351 MT Fall 2001

Here is an post-mortem analysis / "how to" for the MT. The questions are split by the sections. At the start of each section are a few suggestions of what to look for or how to tackle the question type.

RELATIVE PROPERTIES:
Identify the controlling feature, which is not always as obvious as it may appear. Look for two pairs of similar systems to compare that have minimal differences in structure.

Qu1: A
Question about geometry goes back to hybridisation.  i is an alkene so the central C is sp2 , i.e. trigonal planar, with bond angles of 120o, ii  is an alkane so the central C is sp3 , i.e. trigonal planar, with bond angles of 109o, and iii  is a cyclobutane so the central C is sp3 , but the ring forces the angle down to almost 90o, therefore giving : i > ii > iii

Qu2:  AB
Since all are CH bonds we should look at the hybridisation of the C atom.... the greater the s character of the C hybrid used to form the sigma bond, the shorter and the stronger that bond will be. Here we have an alkane (sp3), an alkene (sp2) and an alkyne (sp)... therefore iii > ii > i

Qu3: A
Based on the rules for ranking resonance structures, look at the octets and then charge separation.  i has complete octets at C, N and O and the negative charge on the more electronegative O atom. ii also has complete octets at C, N and O but now the negative charge on the less electronegative C atom. In iii there N has violated the octet rule by having 10 electrons around it, which it can't do. Therefore, in order of importance we have i > ii > iii

Qu4: C
Calculate the formal charges for the N atom = group number - number of bonds - lone pairs electrons : i = neutral based on 5 - 3 - 2, ii = +1 (draw it !) based on 5 - 4  and iii = -1 based on 5 - 2 - 4. Therefore ii > i > iii

Qu5: E
The most stable form (i.e. low energy conformation) of cyclohexane is the chair ii. i shows a boat conformation and the iii the half chair which is quite unstable due to the planar nature for 5 of the 6 C atoms. this planarity introduces eclipsing interactions and torsional strain and is actually the high energy point on the conversion of cyclohexane from chair to chair.  So we have iii > i > ii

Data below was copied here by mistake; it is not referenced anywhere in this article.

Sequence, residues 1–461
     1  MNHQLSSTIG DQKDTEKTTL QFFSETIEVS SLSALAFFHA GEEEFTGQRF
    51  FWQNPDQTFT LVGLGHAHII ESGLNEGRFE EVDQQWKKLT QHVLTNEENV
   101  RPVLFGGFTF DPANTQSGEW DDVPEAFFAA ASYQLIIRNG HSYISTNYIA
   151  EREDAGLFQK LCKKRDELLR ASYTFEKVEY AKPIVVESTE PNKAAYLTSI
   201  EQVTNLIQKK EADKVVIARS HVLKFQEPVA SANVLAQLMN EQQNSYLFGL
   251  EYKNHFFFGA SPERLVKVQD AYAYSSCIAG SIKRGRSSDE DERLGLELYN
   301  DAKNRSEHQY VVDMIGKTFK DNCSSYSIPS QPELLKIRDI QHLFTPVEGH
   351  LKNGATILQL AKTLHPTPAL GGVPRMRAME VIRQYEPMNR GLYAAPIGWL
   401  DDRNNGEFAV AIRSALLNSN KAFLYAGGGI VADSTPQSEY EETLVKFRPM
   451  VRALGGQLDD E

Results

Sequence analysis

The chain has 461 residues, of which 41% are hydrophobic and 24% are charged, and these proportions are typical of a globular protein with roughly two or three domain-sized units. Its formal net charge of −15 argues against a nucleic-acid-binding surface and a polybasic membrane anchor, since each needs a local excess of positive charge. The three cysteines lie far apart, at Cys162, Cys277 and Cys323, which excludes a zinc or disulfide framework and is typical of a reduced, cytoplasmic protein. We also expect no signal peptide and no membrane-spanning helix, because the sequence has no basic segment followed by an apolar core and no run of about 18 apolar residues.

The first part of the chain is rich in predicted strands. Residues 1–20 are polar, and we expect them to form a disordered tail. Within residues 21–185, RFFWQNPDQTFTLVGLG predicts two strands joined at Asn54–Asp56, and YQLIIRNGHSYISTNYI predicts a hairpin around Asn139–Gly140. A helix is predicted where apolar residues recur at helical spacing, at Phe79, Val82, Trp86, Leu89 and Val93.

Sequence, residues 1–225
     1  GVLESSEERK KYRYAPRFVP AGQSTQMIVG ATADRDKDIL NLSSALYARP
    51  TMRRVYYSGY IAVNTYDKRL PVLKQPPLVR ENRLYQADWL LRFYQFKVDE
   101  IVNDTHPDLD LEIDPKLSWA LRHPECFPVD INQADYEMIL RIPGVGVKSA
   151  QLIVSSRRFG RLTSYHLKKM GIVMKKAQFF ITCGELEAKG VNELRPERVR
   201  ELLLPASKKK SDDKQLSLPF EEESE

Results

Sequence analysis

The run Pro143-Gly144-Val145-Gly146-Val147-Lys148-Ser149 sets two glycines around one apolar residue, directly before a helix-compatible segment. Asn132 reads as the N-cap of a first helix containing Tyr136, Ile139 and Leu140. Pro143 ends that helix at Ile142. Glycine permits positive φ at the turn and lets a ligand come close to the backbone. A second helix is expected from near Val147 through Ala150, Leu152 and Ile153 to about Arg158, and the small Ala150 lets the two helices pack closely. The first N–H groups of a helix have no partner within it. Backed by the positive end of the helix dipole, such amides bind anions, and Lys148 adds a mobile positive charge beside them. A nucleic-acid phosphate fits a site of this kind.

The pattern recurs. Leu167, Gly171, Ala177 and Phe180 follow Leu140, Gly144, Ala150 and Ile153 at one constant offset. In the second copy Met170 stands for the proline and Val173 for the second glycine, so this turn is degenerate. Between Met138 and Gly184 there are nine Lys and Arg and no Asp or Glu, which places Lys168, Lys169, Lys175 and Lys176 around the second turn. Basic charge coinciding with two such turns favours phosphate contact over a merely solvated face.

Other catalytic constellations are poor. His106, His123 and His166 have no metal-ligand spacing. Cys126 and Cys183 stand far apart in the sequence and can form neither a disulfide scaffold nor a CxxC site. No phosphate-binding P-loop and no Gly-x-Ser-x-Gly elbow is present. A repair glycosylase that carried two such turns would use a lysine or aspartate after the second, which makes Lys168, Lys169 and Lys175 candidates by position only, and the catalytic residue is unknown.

Qu6: D
More branched isomers are more stable due to increased intramolecular Van der Waals contacts and maximising the number of stronger primary CH bonds. the more stable the isomer the less exothermic the heat of combustion. Therefore ii > iii > i

Qu7: B
Just have to draw them out, no quick way.  Constitutional isomers means different numbers and types of bonds giving different functional groups and branching patterns.
C3H6O could be propanal, propanone, cyclopropanol, 1-propen-1-ol, 1-propen-2-ol, 3-propen-1-ol, ethenyl methyl ether, propylene oxide, oxacyclobutane (9 isomers).
C3H6 could be propene or cyclopropane (2 isomers).
C6H14 can be a whole bunch of things.... hexane, 2-methylpentane, 3-methylpentane, 2,2-dimethylbutane, 2,3-dimethylbutane (5 isomers)
So i > iii > ii

Qu8: A
The greater the s character in the hybrid then the lower the energy of that orbital. sp3 is 25%, sp2 is 33% and sp is 50% so therefore in terms of the energies, i > ii > iii

LABORATORY:
Need to know the pieces of equipment in the distillation set-up.

Qu9: AB

Qu10: C

Qu11: B

Qu12: AC

Qu13: E

Qu14: A

Qu15: CD

Qu16: AE
Water needs to go in at the bottom and out at the top in order to use gravity to ensure that the condenser is full of water to facilitate cooling.

Qu17: AD
See above.

Qu18: D

MOLECULAR PROPERTIES:
No real method here, really just do you know various aspects of molecular structure.

Qu19: A
C3 is attached to 2 x O = -2, 1 x N = -1 and 1 x C = 0 so the sum = -3, therefore C3 = +3

Qu20: E
C17 is attached to 3 x H = +3 and 1 x O = -1 so the sum = +2, therefore C17 = -2

Qu21: D
Since all are CC bonds we need to consider the hybridisation of the atoms involved and the type of bond. A double bond will be shorter than a single bond due to the increased bonding interaction. C1-C3 is a single bond sp3 to sp2, C5-C6 is a single bond sp3 to sp3, C6-C7 is a single bond sp3 to sp2, C7-C8 is a double bond sp2 to sp2 C11-C12 is sp2 to sp2 (benzene so between C-C and C=C in character). Therefore C7-C8 will be the shortest.